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Accreditation can lead to greater business success, JANAAC says

Friday, September 07, 2018

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KINGSTON, Jamaica (JIS) — Accreditation can lead to greater business success for conformity assessment bodies, as it results in increased client confidence in the standard of operations and personnel.

This was noted by Chief Executive Officer of the Jamaica National Agency for Accreditation (JANAAC), Sharonmae Shirley, who was addressing a Jamaica Information Service 'Think Tank' on Wednesday.

She said testimonials from accredited conformity assessment bodies, such as medical and testing laboratories and inspection bodies locally and regionally, indicate that they experience growth following accreditation.

“The numbers of clients have grown… because their operational structures have improved and they are more efficient. At first when they started the process, it may have seemed onerous and costly, but they recognise the value because they now have systems in place that correct any sort of non-conformance,” Shirley said.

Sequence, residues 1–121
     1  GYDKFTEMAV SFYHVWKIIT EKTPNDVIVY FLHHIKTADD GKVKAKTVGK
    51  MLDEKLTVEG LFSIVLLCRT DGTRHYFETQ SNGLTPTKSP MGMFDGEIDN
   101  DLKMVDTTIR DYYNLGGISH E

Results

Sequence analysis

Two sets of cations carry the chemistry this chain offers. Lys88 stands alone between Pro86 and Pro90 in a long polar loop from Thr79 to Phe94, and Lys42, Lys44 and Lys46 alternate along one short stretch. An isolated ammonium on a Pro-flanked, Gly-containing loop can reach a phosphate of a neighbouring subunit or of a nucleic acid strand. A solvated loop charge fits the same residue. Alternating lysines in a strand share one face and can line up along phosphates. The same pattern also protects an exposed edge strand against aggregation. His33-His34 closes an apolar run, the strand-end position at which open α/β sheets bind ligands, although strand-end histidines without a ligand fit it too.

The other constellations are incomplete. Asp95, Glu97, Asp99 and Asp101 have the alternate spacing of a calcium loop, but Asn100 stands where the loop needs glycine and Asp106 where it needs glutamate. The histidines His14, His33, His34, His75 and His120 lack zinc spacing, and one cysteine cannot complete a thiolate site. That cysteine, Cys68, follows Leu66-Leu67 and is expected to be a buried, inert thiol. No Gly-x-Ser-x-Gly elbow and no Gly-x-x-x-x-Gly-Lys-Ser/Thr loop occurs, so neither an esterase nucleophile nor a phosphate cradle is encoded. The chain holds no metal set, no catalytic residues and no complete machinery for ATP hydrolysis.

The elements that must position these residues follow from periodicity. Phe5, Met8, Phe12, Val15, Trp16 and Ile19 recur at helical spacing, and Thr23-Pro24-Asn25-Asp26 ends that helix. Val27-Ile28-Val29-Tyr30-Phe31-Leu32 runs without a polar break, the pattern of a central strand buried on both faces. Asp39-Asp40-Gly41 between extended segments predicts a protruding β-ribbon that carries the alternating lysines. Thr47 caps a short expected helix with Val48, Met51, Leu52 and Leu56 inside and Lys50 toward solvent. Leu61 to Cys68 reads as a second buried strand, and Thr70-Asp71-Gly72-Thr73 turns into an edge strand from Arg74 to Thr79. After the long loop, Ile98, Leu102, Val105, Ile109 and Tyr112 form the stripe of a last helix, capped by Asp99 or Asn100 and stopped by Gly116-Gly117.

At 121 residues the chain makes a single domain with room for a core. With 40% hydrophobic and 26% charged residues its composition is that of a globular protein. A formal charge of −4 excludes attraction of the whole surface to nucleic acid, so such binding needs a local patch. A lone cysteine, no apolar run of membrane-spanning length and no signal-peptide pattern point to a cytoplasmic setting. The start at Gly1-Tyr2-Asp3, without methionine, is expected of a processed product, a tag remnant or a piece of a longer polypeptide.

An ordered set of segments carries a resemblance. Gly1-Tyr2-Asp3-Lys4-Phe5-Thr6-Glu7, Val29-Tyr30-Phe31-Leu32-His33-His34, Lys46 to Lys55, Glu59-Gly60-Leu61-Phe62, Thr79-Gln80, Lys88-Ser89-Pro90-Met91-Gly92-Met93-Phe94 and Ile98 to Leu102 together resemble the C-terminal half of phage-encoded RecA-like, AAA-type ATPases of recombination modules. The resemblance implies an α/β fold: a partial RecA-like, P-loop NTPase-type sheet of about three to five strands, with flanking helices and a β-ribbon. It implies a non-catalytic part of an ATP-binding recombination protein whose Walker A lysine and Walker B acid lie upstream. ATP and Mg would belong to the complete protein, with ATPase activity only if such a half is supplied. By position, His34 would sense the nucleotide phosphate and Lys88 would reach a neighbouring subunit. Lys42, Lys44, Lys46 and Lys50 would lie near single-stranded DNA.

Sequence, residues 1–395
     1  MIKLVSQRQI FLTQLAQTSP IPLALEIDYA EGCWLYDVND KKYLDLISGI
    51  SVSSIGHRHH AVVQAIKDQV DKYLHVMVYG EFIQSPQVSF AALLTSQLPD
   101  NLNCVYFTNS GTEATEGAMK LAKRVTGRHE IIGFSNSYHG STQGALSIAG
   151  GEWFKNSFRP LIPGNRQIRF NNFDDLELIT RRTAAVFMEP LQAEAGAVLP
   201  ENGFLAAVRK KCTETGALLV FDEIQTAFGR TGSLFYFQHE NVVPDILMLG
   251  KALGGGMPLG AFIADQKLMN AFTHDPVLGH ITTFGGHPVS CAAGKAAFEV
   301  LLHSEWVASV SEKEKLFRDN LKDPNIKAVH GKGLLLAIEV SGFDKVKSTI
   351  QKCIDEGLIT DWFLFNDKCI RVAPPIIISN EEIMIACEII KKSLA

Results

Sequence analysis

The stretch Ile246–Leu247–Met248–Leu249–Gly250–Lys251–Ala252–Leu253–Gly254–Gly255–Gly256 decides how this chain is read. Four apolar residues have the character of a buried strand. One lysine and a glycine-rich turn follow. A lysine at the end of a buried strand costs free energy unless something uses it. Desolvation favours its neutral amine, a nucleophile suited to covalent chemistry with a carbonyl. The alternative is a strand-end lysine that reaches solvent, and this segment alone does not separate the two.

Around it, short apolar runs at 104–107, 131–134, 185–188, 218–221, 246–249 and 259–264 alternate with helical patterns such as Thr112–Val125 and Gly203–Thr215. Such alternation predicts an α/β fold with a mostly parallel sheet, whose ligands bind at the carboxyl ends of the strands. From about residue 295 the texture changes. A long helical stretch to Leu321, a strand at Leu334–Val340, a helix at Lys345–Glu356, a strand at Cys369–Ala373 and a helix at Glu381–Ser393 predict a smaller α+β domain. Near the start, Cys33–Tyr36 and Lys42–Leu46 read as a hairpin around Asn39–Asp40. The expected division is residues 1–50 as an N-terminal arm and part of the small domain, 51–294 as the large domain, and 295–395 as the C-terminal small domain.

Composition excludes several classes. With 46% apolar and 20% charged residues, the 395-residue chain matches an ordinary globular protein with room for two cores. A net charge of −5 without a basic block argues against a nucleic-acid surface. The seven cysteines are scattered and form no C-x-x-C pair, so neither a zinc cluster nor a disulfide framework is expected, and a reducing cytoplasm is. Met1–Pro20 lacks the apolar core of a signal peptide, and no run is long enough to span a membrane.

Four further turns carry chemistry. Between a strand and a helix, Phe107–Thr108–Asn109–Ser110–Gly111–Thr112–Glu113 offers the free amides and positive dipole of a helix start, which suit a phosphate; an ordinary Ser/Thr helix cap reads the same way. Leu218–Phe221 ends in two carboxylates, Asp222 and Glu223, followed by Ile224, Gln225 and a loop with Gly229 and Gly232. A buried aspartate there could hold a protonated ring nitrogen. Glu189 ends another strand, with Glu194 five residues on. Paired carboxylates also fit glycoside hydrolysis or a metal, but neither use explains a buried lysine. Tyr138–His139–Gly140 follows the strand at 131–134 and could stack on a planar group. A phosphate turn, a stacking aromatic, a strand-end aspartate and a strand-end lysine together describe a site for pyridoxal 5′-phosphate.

“From a financial perspective, they have benefited,” she added.

She said conformity assessment bodies can get consultancy support through the National Accreditation Focal Point of the Bureau of Standards Jamaica (BSJ), which works through the Caribbean Regional Organisation for Standards and Quality, in getting prepared for the accreditation process.

She said the first step is for laboratories or inspection bodies to acquire the relevant standard from the BSJ. They should then get in touch with JANAAC for pre-assessment.

Lead Assessor with JANAAC, Eban Hutton, said the accreditation process includes an initial document review, to ascertain whether quality manuals, procedures and methods of the laboratory or inspection body conform to the standards they are seeking accreditation against.

After findings from this review have been addressed, further assessments will be carried out with a view to issuing the accreditation certificate, when relevant non-conformities have been addressed. The accreditation cycle is four years, but surveillance assessment is carried out throughout the period, with reassessment conducted in the fourth year.

“We see accreditation as assisting with our national quality infrastructure and also impacting the safety of goods and services offered to Jamaica,” Hutton said.

JANAAC is an agency of the Ministry of Industry, Commerce, Agriculture and Fisheries, established as Jamaica's national accreditation body to provide accreditation services to conformity assessment bodies (CABs) such as laboratories, inspection bodies and certification bodies.

JANAAC, which celebrates its 10th anniversary this year, has a presence in seven CARICOM states. It has accredited 16 testing laboratories, 10 medical laboratories and one inspection body.

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